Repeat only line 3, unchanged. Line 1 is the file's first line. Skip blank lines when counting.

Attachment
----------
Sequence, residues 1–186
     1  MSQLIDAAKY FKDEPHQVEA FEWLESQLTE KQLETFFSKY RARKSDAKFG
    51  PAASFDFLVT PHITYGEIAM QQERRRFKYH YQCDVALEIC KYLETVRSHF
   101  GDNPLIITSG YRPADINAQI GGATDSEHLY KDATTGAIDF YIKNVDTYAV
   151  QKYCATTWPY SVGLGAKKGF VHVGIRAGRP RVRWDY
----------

    51  PAASFDFLVT PHITYGEIAM QQERRRFKYH YQCDVALEIC KYLETVRSHF